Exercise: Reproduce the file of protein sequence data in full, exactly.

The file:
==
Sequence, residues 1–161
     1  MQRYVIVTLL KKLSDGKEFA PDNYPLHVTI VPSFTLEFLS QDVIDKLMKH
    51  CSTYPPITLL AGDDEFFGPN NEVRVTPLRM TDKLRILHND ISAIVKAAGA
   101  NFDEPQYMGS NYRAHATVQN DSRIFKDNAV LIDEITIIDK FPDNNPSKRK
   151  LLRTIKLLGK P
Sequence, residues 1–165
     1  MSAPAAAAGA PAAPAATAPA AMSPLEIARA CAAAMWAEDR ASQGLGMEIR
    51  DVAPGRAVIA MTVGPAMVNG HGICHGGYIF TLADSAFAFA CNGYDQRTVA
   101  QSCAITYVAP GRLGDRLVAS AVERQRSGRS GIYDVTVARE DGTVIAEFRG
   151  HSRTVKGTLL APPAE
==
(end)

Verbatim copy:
Sequence, residues 1–161
     1  MQRYVIVTLL KKLSDGKEFA PDNYPLHVTI VPSFTLEFLS QDVIDKLMKH
    51  CSTYPPITLL AGDDEFFGPN NEVRVTPLRM TDKLRILHND ISAIVKAAGA
   101  NFDEPQYMGS NYRAHATVQN DSRIFKDNAV LIDEITIIDK FPDNNPSKRK
   151  LLRTIKLLGK P
Sequence, residues 1–165
     1  MSAPAAAAGA PAAPAATAPA AMSPLEIARA CAAAMWAEDR ASQGLGMEIR
    51  DVAPGRAVIA MTVGPAMVNG HGICHGGYIF TLADSAFAFA CNGYDQRTVA
   101  QSCAITYVAP GRLGDRLVAS AVERQRSGRS GIYDVTVARE DGTVIAEFRG
   151  HSRTVKGTLL APPAE